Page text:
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  #1  
Old 01-10-2015, 10:00 AM
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cheesepaws cheesepaws is offline
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Chainsaw for carving

They just took down a huge old horse chestnut tree at the school where I teach and they dropped off a few big chunks for the art department (at my request). This is the incentive I have been waiting for to buy a smallish chainsaw (and ALL the related safety gear) and have a go at some mid-scale carving (once things have dried out a bit).

Any brand recommendations for a chainsaw?

Thanks in advance!

Cheese
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  #2  
Old 01-10-2015, 02:10 PM
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Chris_Johns Chris_Johns is offline
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Re: Chainsaw for carving

I'm not an expert but from what I've seen most professionals seem to use Stihl chainsaws.

Having said that if you are not an experienced chainsaw user and you are only after something small there are a number of benefits to electric chainsaws, not least in terms of safety.
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  #3  
Old 01-10-2015, 03:06 PM
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cheesepaws cheesepaws is offline
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Re: Chainsaw for carving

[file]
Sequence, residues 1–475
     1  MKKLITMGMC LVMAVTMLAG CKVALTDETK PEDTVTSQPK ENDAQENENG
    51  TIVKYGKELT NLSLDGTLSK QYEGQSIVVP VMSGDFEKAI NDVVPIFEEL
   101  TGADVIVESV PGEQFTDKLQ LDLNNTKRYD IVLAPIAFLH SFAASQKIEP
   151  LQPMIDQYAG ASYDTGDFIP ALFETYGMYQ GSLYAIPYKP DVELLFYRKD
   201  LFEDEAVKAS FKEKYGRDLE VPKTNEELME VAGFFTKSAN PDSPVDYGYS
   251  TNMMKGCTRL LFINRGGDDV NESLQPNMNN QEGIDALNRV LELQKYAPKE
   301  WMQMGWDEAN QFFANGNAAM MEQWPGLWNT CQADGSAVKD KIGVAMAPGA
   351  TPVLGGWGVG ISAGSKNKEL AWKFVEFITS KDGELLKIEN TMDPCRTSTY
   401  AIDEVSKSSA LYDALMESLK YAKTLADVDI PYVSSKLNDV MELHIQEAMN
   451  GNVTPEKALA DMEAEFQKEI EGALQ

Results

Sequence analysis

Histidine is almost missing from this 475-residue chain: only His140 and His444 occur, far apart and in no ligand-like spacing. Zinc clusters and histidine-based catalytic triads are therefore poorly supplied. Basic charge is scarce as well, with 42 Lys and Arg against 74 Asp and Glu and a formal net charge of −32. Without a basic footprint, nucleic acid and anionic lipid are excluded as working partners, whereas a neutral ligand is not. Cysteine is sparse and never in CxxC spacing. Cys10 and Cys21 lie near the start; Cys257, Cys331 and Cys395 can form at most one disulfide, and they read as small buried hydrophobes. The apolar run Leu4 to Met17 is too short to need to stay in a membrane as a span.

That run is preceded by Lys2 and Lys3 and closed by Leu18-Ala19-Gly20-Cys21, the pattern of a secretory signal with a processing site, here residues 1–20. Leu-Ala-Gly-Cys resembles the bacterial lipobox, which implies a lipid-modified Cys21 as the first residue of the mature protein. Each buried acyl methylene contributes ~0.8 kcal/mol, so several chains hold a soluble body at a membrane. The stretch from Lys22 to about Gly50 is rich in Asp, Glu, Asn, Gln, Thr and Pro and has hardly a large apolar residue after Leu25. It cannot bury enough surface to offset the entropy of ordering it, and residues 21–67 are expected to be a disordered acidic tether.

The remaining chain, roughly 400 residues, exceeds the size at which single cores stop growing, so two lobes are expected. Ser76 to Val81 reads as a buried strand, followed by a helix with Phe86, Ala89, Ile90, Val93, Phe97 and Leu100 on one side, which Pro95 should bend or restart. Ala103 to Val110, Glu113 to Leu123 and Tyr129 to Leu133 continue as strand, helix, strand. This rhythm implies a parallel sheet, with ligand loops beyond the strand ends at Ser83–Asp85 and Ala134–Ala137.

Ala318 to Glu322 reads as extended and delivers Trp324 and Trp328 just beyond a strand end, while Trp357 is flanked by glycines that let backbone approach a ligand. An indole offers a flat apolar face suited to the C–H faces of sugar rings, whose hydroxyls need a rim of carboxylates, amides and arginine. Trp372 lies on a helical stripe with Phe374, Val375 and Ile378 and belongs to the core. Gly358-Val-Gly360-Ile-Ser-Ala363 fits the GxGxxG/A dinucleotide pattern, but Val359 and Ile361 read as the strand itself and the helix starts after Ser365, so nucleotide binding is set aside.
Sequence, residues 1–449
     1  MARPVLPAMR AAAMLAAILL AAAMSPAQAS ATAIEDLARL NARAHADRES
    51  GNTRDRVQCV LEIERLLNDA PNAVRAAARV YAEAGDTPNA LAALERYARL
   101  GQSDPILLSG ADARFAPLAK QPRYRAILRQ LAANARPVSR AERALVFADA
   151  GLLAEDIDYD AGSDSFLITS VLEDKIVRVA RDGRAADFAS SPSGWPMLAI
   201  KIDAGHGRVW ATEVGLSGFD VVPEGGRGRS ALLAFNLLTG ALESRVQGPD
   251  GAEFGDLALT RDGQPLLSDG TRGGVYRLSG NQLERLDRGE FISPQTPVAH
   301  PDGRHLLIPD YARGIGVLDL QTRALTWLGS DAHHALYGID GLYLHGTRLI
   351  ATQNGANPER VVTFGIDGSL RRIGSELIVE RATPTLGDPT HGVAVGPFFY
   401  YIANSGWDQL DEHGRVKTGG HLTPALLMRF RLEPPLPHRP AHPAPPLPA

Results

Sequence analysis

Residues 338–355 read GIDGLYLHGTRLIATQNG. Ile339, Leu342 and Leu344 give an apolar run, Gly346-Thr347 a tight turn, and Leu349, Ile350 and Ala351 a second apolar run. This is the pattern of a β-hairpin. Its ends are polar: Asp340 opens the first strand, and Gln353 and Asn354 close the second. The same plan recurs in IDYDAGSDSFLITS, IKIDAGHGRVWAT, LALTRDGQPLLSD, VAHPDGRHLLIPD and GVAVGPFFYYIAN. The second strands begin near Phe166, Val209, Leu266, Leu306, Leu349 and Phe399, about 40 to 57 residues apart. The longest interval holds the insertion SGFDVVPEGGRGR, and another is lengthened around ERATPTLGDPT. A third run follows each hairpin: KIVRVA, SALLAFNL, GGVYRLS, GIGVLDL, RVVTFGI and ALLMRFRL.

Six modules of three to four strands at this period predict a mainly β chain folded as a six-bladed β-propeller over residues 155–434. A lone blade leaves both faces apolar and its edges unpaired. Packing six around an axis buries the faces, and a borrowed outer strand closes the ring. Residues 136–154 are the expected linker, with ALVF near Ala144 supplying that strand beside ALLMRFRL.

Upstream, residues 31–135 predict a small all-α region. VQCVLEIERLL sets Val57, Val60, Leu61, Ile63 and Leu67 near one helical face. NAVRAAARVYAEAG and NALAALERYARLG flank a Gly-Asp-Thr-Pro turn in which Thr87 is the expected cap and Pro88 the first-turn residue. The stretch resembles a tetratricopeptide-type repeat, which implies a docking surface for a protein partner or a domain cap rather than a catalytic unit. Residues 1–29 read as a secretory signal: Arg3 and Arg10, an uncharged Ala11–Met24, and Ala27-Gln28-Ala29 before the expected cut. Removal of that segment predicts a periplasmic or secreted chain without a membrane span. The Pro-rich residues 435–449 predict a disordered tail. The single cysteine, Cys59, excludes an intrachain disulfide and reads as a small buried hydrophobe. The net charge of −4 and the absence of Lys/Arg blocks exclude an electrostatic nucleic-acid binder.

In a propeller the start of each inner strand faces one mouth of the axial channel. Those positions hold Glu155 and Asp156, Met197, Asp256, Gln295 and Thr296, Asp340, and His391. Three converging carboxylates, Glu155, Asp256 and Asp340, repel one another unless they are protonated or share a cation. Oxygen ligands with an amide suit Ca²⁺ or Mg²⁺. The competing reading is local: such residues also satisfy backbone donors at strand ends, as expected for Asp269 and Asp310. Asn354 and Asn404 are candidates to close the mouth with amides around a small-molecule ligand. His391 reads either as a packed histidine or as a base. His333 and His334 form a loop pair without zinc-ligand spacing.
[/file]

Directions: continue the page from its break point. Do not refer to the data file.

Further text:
Thanks Chris,

Yes, I am starting to think the same thing especially since I doubt it will get much use beyond some initial experiments.

CP
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  #4  
Old 01-10-2015, 06:21 PM
raspero raspero is offline
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Re: Chainsaw for carving

One thing to consider is that all of the electric chainsaws I have seen, and used, are light duty machines. They are designed for cutting limbs off of trees and work like that. They don't hold up very long doing heavy work.

I used to use them in my shipyard shaping Oak timbers. I quickly switched to gasoline powered saws.

You can't go wrong with a Stihl or a Husqvarna. I prefer the Husky; not for quality reasons, just the way it feels when it cuts.

Richard
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  #5  
Old 01-11-2015, 03:13 PM
Andrew Werby Andrew Werby is offline
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Re: Chainsaw for carving

How big are these chunks? Larger is better when it comes to chainsaw carving. That way, you're not tempted to steady the thing with your hand or foot. If it's not big enough to be firmly anchored by gravity, you need to set up some kind of device to hold onto it.

Andrew Werby
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  #6  
Old 01-11-2015, 08:11 PM
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cheesepaws cheesepaws is offline
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Re: Chainsaw for carving

Hey Andrew,

Well there are a couple of big branches 12-14" diameter that I want to chop down for lathe blanks. Then there is one big chunk - roughly 30" x 6 feet long that I want to square off on the bottom.

I don't have a lot of experience with a chainsaws. Really just doing some light branch removal high up in a tree while my grandfather hurdled insults at me - old school, I guess. (He didn't provide me any safety gear either - except a cracked 40 year old harness). So all advice is welcome.